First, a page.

The innovation of this study is that Capasso, Everitt, and their research team employed a widely tunable, quantum cascade laser as their optical pump. Jointly developed by Capasso and his team at Bell Labs in the 1990s, these portable and robust lasers can efficiently create highly tunable light. This implies that the quantum elevator can halt at each floor in the building.

The concept to improve the operation of the novel laser was devised by Steven Johnson, Professor of Applied Mathematics and Physics at MIT, along with Fan Wang and Everitt. The team integrated the quantum cascade laser pump with a nitrous oxide—also known as laughing gas—laser.

By optimizing the laser cavity and lenses, we were able to produce frequencies spanning nearly 1 THz.

Arman Amirzhan, Study Co-Author and Graduate Student, Harvard SEAS

Amirzhan is part of Capasso’s group.

Molecular THz lasers pumped by a quantum cascade laser offer high power and wide tuning range in a surprisingly compact and robust design,” stated Nobel laureate Theodor Hänsch of the Max Planck Institute for Quantum Optics in Munich, who was not part of the study. “Such sources will unlock new applications from sensing to fundamental spectroscopy.”

What’s exciting is that concept is universal,” said Paul Chevalier, first author of the study and a postdoctoral fellow at SEAS. “Using this framework, you could make a terahertz source with a gas laser of almost any molecule and the applications are huge.”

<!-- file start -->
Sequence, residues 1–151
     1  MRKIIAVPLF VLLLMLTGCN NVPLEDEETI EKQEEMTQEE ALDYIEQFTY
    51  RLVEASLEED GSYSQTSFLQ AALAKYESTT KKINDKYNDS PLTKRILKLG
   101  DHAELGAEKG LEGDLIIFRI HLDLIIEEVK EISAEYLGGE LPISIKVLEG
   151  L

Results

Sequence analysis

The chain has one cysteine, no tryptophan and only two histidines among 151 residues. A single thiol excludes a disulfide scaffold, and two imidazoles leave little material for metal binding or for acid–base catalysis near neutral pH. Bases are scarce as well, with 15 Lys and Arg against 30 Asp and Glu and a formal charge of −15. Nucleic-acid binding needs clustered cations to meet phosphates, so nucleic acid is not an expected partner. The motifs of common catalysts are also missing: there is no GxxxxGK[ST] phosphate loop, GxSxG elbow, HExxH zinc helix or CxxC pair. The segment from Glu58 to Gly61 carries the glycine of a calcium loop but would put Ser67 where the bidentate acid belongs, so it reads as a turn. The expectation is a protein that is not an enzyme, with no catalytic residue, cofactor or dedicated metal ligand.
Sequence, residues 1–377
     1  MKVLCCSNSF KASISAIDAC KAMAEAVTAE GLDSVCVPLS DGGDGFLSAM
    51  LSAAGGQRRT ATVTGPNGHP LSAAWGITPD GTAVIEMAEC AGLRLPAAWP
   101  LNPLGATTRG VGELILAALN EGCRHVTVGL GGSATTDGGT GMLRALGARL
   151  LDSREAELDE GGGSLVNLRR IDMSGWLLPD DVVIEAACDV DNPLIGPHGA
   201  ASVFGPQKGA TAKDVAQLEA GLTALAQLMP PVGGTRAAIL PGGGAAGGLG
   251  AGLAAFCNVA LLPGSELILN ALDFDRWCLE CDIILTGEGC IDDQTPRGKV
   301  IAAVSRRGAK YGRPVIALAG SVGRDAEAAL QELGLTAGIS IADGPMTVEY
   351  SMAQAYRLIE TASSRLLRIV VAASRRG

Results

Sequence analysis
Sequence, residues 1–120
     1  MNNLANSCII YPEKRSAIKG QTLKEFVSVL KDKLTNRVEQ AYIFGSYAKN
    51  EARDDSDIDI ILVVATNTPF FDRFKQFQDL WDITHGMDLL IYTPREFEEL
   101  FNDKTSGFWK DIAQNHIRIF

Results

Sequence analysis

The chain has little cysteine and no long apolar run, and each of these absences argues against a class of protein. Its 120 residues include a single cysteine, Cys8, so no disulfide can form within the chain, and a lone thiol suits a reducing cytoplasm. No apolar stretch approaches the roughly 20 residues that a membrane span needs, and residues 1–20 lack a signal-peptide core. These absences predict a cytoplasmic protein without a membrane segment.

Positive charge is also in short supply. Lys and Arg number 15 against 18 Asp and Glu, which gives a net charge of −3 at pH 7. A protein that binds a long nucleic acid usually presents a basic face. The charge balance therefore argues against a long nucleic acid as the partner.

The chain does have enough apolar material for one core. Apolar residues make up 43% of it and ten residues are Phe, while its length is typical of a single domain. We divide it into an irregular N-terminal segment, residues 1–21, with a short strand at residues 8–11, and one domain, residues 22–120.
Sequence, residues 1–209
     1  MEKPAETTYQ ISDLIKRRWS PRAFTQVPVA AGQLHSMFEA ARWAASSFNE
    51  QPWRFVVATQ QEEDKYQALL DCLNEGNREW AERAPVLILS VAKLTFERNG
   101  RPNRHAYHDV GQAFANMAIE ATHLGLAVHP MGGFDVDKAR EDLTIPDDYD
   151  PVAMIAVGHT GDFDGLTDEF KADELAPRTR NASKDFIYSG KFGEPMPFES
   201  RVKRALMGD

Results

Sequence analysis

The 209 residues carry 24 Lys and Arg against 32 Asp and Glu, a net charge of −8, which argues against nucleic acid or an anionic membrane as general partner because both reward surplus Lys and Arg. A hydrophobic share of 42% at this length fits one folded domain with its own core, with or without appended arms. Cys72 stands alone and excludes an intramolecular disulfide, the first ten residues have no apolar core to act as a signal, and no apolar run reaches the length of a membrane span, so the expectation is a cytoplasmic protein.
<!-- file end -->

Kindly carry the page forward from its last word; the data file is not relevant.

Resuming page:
This result is one of a kind. People knew how to make a terahertz laser before but couldn’t make it broadband. It wasn’t until we began this collaboration, after a serendipitous encounter with Henry at a conference, that we were able to make the connection that you could use a widely tunable pump like the quantum cascade laser.

Federico Capasso, Robert L. Wallace Professor of Applied Physics and Vinton Hayes Senior Research Fellow, Electrical Engineering, Harvard SEAS

The new laser can be utilized in all applications, such as drug detection, improved breast and skin cancer imaging, ultrahigh-capacity optical wireless links, and airport security.

I’m particularly excited about the possibility of using this laser to help map the interstellar medium,” added Everitt. “Molecules have unique spectral fingerprints in the terahertz region, and astronomers have already begun using these fingerprints to measure the composition and temperature of these primordial clouds of gas and dust.”

Everitt continued, “A better ground-based source of terahertz radiation like our laser will make these measurements even more sensitive and precise.”

The Harvard Office of Technology Development has protected the intellectual property associated with this project and is looking for commercialization opportunities.

The study was co-authored by Wang, Marco Piccardo (Harvard), and Johnson, and was partly supported by the U.S. Army Research Office and the National Science Foundation.